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We need only to do something once to know we are capable of doing it, the more we do it the better we get, each time we do it, we gain confidence and are more capable, less fearful. The doubts we possess prevent us from trying and push our comfort zone, to step beyond what we are capable of achieving. What is familiar is comfortable, and we like to stick with what provides us comfort, but what is familiar is not always what’s better. Anything worth having in life takes some degree of effort, change is inevitable and what was once novel soon becomes familiar. We adapt to just about anything and are able to endure. We grow accustomed to what is familiar and in it we find security. We cannot necessarily control what is happening but we can adjust to the world around us, we are great at dealing with change we change our clothes, our hair, as you read this the hand on the clock are moving, the lights grow dimmer the sun sets, we cannot control the wind but we can adjust our sails. Yet we feel as powerless as a car without an engine to alter our environment, but we can be a role model to others to be an example of how we would like to be treated. If what I’m doing isn’t working, I need to change direction and find what I can alter, that being yourself, rather then fight what I cannot control.Read Full Post | Make a Comment ( None so far )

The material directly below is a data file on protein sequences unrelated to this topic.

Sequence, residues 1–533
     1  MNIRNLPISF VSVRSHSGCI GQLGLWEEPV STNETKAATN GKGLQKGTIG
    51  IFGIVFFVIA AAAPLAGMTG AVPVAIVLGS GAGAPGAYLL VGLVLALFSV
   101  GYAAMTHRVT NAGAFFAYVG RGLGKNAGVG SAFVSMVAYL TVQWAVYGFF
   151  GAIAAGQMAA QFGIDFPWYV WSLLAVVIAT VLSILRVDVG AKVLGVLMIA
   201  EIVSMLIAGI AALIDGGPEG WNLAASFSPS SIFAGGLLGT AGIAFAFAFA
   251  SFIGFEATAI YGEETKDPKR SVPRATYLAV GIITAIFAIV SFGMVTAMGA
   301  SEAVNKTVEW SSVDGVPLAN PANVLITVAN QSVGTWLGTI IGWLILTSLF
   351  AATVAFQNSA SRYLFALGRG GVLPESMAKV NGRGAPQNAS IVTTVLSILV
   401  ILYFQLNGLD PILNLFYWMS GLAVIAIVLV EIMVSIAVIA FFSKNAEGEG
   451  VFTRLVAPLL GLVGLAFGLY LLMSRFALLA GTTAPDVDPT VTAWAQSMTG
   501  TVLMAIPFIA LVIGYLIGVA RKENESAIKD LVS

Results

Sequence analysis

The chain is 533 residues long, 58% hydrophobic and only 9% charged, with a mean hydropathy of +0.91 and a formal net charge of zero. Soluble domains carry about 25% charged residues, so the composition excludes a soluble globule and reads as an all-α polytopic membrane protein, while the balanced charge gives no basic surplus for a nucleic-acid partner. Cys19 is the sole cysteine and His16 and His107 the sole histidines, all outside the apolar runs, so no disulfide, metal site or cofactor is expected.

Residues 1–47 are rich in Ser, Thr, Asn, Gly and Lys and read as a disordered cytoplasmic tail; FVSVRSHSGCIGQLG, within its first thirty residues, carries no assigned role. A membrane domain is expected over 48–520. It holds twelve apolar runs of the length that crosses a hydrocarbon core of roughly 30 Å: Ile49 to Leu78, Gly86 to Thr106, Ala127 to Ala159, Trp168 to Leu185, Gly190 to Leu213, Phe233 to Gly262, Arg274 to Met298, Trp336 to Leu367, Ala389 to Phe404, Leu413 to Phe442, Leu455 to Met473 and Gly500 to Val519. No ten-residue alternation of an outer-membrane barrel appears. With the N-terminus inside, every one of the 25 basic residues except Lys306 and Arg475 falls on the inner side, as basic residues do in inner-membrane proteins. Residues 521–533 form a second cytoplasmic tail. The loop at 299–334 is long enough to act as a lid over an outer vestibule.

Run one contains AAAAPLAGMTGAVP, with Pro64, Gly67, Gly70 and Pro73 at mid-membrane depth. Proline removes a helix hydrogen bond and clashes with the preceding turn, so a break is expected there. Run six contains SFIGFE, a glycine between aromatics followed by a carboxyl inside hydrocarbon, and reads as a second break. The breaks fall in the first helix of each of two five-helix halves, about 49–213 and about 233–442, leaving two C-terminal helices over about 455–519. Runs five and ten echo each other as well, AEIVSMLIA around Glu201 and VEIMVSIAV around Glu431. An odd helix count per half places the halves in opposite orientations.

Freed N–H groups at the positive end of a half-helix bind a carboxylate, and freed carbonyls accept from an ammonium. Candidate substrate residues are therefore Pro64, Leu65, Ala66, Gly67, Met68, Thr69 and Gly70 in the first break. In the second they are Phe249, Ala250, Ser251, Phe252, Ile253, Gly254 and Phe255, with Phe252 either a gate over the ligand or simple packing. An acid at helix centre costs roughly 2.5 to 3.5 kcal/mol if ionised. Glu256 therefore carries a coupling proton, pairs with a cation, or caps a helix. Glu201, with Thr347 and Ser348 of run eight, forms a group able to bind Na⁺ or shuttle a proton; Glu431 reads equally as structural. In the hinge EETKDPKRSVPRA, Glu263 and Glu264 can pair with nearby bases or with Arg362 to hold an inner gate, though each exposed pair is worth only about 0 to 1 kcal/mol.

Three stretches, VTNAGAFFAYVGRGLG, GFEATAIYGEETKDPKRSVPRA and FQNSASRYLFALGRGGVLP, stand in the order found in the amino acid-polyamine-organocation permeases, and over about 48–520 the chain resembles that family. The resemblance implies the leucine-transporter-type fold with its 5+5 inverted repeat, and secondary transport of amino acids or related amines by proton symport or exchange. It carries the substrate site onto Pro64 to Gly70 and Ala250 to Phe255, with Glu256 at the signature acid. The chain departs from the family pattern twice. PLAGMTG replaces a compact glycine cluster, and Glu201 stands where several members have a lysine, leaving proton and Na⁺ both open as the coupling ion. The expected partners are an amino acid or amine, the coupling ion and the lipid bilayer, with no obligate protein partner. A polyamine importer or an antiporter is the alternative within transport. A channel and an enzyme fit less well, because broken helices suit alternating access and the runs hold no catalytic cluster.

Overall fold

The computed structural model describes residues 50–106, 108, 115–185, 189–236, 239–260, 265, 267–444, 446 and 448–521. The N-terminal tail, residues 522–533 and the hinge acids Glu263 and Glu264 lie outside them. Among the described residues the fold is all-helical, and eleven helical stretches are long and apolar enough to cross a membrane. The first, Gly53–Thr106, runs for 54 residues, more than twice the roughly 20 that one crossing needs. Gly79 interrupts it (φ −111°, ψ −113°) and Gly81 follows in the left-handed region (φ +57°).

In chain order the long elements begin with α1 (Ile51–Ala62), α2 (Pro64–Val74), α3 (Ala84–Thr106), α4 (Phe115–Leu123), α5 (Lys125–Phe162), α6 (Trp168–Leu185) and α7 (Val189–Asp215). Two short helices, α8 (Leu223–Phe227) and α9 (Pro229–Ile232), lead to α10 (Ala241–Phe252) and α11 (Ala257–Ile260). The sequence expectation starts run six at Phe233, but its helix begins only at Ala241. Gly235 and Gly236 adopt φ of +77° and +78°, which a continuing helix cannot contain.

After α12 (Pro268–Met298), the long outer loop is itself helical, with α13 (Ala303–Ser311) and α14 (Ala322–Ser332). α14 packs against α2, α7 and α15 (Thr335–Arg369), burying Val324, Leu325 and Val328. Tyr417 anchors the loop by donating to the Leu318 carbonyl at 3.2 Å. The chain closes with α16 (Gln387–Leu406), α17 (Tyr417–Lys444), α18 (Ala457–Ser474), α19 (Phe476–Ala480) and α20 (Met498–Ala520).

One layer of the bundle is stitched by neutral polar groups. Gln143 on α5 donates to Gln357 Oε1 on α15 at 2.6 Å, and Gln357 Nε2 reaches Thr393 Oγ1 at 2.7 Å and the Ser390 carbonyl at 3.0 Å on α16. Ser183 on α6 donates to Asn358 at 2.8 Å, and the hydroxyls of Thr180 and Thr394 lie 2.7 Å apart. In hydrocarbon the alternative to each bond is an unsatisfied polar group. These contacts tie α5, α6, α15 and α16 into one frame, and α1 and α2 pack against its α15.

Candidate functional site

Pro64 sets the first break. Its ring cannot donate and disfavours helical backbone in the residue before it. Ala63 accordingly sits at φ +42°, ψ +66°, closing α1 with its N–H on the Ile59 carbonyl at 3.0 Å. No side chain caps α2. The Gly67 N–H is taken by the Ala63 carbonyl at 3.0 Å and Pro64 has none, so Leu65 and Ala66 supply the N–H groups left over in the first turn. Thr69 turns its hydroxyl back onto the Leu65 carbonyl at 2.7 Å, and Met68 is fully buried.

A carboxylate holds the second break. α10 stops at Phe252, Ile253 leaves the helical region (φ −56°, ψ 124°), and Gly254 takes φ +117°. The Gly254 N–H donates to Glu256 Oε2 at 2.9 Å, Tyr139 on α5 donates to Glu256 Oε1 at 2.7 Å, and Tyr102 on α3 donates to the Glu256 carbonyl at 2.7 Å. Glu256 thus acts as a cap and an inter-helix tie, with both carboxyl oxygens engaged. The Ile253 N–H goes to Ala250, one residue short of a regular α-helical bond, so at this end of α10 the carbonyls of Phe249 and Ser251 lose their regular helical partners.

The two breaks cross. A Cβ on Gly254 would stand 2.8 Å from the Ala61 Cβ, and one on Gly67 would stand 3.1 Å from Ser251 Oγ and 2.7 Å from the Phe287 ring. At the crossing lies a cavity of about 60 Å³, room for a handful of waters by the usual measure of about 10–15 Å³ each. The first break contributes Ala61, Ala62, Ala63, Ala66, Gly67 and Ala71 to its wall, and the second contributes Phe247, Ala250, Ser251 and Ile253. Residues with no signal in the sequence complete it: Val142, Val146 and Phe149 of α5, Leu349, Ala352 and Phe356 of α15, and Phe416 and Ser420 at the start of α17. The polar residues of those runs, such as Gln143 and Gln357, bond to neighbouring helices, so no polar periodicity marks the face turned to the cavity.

When we think about morality, many of us think about religion or what our parents taught us when we were young. Those influences are powerful, but many scientists now think of the brain as a more basic source for our moral instincts.
The tools scientists use to study how the brain makes moral decisions are often stories, said Joshua Greene, a Harvard psychologist,citing one well-known example: “A trolley is headed toward five people, and the only way you can save them is to hit a switch that will turn the trolley away from the five and onto a side track, but if you turn it onto the side track, it will run over one person.”
It’s a moral dilemma. Greene and other researchers have presented this dilemma to research volunteers.
Most people say they would flip the switch and divert the trolley. They say they don’t want to kill someone, but one innocent person dead is better than five innocent people dead.
What this shows is that people resolve the moral dilemma by doing a cost-benefit analysis. Greene says they look at the consequences of each choice, and pick the choice that does the least harm.